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Jan 19 -- The Centers for Disease Control and Prevention (CDC) has submitted the information collection request titled “The National Violent Death Reporting System (NVDRS)” to the Office of Management and Budget (OMB) for review and approval. The public is invited to provide comments to OMB by February 18, 2022.
Violence is a public health problem. The World Health Organization has estimated that 804,000 suicides and 475,000 homicides occurred in the year 2012 worldwide. Violence in the United States is a particular problem for the young; suicide and homicide were among the top four leading causes of death for Americans 10-34 and 1-34 years of age in 2015, respectively. In 2002 Congress approved the first appropriation to start the National Violent Death Reporting System (NVDRS). NVDRS is coordinated and funded at the federal level but is dependent on separate data collection efforts managed by the state health department (or their bona fide agent) in each state.

NVDRS, implemented by the Centers for Disease Control and Prevention (CDC), is a state-based surveillance system developed to monitor the occurrence of violent deaths ( i.e., homicide, suicide, undetermined deaths, and unintentional firearm deaths) in the United States (U.S.) by collecting comprehensive, detailed, useful, and timely data from multiple sources ( e.g., death certificates, coroner/medical examiner reports, law enforcement reports) into a useable, anonymous database. NVDRS is an ongoing surveillance system that captures annual violent death counts and circumstances that precipitate each violent incident. Violent deaths are defined as any death resulting from the intentional use of physical force or power ( e.g., threats or intimidation) against oneself, another person, or against a group or community. CDC aggregates de-identified data from each state into one large national database that is analyzed and released in annual reports and publications. Descriptive analyses such as frequencies and rates are employed. A restricted access database is available for researchers to request access to NVDRS data for analysis and a web-based query system is open for public use that allows for electronic querying of data. NVDRS generates public health surveillance information at the national, state, and local levels that is more detailed, useful, and timely. Government, state and local communities have used NVDRS data to develop and evaluate prevention programs and strategies. NVDRS is also used to understand magnitude, trends, and characteristics of violent death and what factors protect people or put them at risk for experiencing violence.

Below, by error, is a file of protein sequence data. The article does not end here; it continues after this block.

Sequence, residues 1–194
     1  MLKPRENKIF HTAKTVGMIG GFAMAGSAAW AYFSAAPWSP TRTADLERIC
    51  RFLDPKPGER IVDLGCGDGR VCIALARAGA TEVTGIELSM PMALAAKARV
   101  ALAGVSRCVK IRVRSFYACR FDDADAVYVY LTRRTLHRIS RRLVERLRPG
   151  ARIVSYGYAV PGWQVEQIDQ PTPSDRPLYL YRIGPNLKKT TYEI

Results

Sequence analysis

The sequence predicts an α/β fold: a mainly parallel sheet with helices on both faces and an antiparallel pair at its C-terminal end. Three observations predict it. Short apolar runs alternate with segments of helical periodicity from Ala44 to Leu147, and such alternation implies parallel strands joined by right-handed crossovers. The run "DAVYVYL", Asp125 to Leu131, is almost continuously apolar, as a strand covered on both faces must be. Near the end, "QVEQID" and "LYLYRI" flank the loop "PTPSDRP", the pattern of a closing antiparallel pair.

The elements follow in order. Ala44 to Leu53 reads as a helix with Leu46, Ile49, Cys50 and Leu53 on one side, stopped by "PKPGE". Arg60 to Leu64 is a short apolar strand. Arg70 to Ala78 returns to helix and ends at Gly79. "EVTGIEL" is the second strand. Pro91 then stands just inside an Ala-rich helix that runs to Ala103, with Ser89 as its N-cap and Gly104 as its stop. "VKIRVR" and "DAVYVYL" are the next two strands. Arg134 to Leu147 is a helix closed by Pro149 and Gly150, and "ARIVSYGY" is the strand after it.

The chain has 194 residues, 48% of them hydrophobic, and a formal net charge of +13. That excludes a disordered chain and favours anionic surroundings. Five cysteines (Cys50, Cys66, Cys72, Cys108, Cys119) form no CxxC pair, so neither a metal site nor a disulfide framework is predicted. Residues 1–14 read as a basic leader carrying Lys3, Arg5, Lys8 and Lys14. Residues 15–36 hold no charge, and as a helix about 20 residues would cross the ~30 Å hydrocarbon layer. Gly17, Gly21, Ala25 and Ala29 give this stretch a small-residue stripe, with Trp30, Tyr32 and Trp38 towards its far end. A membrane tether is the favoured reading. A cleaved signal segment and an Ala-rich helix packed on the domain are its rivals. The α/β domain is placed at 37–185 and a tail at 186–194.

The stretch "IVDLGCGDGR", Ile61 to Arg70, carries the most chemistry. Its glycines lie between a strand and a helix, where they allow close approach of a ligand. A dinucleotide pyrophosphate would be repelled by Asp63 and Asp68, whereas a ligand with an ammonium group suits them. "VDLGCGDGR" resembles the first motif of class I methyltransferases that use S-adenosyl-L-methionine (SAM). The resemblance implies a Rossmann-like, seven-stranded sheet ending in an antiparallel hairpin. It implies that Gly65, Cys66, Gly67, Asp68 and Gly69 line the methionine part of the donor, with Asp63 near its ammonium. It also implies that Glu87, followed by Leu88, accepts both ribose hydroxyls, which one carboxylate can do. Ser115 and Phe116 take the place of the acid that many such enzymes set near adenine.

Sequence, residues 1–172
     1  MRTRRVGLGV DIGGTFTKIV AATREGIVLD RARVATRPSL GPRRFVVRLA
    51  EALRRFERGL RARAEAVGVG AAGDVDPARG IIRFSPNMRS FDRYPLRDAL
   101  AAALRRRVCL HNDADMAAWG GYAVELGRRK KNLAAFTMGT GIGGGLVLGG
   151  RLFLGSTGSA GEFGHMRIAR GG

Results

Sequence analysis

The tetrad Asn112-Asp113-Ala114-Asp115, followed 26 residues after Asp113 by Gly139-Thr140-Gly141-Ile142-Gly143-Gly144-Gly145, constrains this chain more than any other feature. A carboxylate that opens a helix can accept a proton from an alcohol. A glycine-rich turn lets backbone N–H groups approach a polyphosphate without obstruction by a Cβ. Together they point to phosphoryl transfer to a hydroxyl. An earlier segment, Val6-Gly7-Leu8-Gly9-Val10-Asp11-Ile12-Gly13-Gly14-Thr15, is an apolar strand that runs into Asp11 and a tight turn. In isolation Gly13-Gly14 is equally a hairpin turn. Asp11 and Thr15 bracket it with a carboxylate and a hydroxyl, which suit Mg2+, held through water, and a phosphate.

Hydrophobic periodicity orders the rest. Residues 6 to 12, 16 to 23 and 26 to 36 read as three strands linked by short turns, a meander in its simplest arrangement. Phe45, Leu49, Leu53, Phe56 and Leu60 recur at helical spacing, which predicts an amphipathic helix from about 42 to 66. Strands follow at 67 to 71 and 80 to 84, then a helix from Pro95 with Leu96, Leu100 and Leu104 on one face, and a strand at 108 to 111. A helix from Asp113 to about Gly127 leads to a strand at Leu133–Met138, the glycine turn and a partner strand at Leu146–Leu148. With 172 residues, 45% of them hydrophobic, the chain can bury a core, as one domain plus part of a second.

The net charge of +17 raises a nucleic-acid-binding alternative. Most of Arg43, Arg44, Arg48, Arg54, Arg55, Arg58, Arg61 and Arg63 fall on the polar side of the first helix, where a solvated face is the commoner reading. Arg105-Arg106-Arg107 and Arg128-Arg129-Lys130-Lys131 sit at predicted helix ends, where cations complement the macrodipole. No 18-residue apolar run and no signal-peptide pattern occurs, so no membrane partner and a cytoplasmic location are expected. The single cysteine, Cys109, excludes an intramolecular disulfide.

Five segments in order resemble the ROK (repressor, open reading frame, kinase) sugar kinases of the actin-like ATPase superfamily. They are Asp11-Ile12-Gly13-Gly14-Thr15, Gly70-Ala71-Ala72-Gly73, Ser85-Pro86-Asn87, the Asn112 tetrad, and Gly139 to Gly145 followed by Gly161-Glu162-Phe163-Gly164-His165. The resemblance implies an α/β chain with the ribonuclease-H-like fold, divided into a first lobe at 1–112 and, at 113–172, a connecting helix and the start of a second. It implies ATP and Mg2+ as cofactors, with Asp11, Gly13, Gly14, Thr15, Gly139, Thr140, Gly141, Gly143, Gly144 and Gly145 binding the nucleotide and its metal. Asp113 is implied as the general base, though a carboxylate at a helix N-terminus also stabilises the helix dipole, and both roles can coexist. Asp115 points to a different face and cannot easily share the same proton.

CDC has received OMB approval for NVDRS since 2004. In this revision request CDC describes plans to (1) implement updates to the web-based system to improve performance, functionality, and accessibility, (2) add 13 new data elements to the web-based system, (3) add a School Associated Violent Death (SAVD) module as part of the NVDRS web-based system, (4) add new variables to NVDRS software, and (5) add a Public Safety Officer suicide module as part of the NVDRS web-based system.

In 2018, the NVDRS expanded by adding 10 new states and now includes all 50 states, the District of Columbia, and U.S. territory health departments (56 jurisdictions). Jurisdictions are funded to abstract standard data elements from three primary data sources: Death certificates, coroner/medical examiner records, and law enforcement records, into a web-based data entry system, supplied by CDC. The exception is for large states that have more than 2,000 violent deaths occurring per year; these states have the option to collect data in selected counties/targeted areas that represent at least 40% of all violent deaths occurring within their jurisdiction, and some may achieve statewide coverage. The goal of NVDRS is to collect state-wide data in all funded entities. No sampling methods will be employed.

NVDRS website: https://www.cdc.gov/violenceprevention/datasources/nvdrs/index.html
NVDRS submission to OMB: https://www.reginfo.gov/public/do/PRAViewICR?ref_nbr=202112-0920-012 Click on IC List for data collection instruments, View Supporting Statement for technical documentation. Submit comments through this webpage.
FR notice inviting public comment: https://www.federalregister.gov/documents/2022/01/19/2022-00855/agency-forms-undergoing-paperwork-reduction-act-review
For AEA members wishing to submit comments, "A Primer on How to Respond to Calls for Comment on Federal Data Collections" is available at https://www.aeaweb.org/content/file?id=5806

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